Single Teaching Model (MUP)
62. Following the detailed evaluation of the state of teaching programmes and the review of theoretical and operational manuals, the Armed Forces High Command proposed the Ongoing Plan for the Integration of International Human Rights and IHL. From the Plan, the Single Teaching Model (Modelo Único Pedagógico: MUP) was produced in the form of practical instruction for operational training.
63. The aim of the MUP is to incorporate the rules of human rights and IHL into the subjects taught at every level according to rank or responsibilities, through its gradual adoption within the different training schools. Appropriate training programmes and the incorporation of these rules and principles into manuals and regulations will provide guidance for members of the Armed Forces to assist them in taking operational decisions which comply with the rules of human rights and IHL. In this way, the MUP will operate under the following guidelines:
- First, six levels will be established for human rights and IHL training at the different Armed Forces schools, which will apply in the same way to the curricula at training schools and instruction, practical training and retraining centers.
- The six levels will range from the most basic and practical to the most specialized and theoretical. Whilst private soldiers will be trained at the first and second levels and will concentrate on learning simple and concise rules of engagement, NCOs and subalterns will be trained at the third level and more senior officers will be trained at the fourth and fifth levels, learning in depth about human rights and IHL, the theoretical debates concerning them and national and international jurisprudence on the subject.
- Training for commanding officers will be based on simple checklists to ensure protection of human rights and compliance with the rules of IHL in the conduct of operations. These are lists setting out clear rules for the planning, conduct, execution and evaluation of operations. This will ensure compliance with the basic principles of IHL, clarify the tactical circumstances under which it applies and make them aware of the consequences of failure to apply it.
- The sixth level will offer officers, NCOs or civilians acting as Operational Legal Advisors the opportunity to specialize in IHL and human rights.
- In addition, the MUP is intended to unify and standardize the quality of teaching personnel and the content of the different curricula in all the Armed Forces. To this end, a body of teachers and instructors (civilians and active and retired military personnel) will be set up, for whom a separate Service List will be created.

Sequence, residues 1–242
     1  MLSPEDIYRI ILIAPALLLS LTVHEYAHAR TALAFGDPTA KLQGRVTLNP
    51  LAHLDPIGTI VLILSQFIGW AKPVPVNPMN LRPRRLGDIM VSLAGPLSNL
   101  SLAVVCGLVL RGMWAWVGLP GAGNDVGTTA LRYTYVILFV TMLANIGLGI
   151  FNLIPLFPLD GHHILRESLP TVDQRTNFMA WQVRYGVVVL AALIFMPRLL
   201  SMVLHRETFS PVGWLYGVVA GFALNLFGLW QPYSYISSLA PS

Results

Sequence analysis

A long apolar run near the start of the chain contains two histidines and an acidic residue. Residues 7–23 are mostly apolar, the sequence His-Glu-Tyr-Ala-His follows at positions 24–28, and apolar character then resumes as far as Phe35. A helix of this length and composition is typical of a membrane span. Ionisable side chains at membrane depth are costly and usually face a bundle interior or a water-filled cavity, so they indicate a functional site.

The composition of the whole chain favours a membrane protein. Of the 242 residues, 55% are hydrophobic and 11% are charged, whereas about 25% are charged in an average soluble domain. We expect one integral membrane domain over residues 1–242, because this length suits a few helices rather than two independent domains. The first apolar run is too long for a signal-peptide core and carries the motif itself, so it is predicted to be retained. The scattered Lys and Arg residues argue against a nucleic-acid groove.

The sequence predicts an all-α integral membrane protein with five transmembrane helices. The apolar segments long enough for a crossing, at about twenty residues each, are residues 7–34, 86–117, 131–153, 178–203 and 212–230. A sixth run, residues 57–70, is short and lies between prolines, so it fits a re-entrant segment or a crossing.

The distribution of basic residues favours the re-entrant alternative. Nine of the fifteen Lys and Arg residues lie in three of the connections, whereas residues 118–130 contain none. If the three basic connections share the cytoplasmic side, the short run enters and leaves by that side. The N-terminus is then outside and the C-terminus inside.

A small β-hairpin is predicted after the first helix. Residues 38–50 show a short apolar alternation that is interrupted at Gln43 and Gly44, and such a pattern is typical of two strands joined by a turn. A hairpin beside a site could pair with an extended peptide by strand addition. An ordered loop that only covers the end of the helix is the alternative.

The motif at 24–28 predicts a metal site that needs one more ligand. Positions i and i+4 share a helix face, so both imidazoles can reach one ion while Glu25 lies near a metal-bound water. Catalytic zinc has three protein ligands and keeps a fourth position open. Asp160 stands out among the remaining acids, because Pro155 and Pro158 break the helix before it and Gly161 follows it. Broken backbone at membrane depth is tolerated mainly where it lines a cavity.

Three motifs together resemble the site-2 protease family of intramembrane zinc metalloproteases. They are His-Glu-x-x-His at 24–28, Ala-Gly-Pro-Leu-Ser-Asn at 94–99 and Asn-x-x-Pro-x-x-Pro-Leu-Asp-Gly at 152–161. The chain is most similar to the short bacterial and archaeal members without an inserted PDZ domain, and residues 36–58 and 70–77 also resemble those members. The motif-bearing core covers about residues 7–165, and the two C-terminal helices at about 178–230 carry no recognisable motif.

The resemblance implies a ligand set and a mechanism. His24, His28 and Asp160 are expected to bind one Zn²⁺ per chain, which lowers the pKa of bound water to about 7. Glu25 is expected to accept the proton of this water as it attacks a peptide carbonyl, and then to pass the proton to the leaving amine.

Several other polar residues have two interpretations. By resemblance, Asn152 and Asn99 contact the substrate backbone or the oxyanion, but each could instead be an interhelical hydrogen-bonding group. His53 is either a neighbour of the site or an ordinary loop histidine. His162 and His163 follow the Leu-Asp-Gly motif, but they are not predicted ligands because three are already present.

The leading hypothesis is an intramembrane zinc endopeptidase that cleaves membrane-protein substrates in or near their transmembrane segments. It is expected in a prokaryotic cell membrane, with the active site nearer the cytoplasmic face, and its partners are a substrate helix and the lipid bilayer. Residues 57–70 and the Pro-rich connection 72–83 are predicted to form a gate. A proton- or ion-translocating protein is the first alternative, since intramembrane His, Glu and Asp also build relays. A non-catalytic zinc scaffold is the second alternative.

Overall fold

- The MUP contains special programmes for training instructors in teaching methods, especially with regard to human rights and IHL. To this end, a Center for Training Armed Forces Instructors in human rights and IHL will be set up and, in this way, greater control will be exercised over the level of training provided for trainers and instructors and the quality of training they provide.
- In order to ensure that training processes at all levels and within all the services are consistent, the content of training courses within the different Armed Forces will continue to be standardized. To do this, the MUP will link course contents and methodologies with operational manuals, prepare standardized lesson plans and provide separate instruction in human rights and IHL.
- In the same way, extra-curricular training will continue to be provided by means of specialist qualifications, seminars and courses at various universities and national and international institutes.
Regional Scenarios Training Group (GEPER)
64. In line with their concern to develop innovative instruction methods with a high practical content –“learning by doing”–, in 1999 the Armed Forces set up the first practical training facility at the Tolemaida Base, to train the Army in human rights and IHL. Through the realistic simulation of risk situations likely to be encountered in the field, the facility enables training to be given through experience and lessons learned which will encourage assimilation of human rights principles and an instinctive respect for the rules of IHL. Since the construction of the first facility, each of the Armed Forces has replicated this methodology and today there are more than 35 human rights training facilities in the country.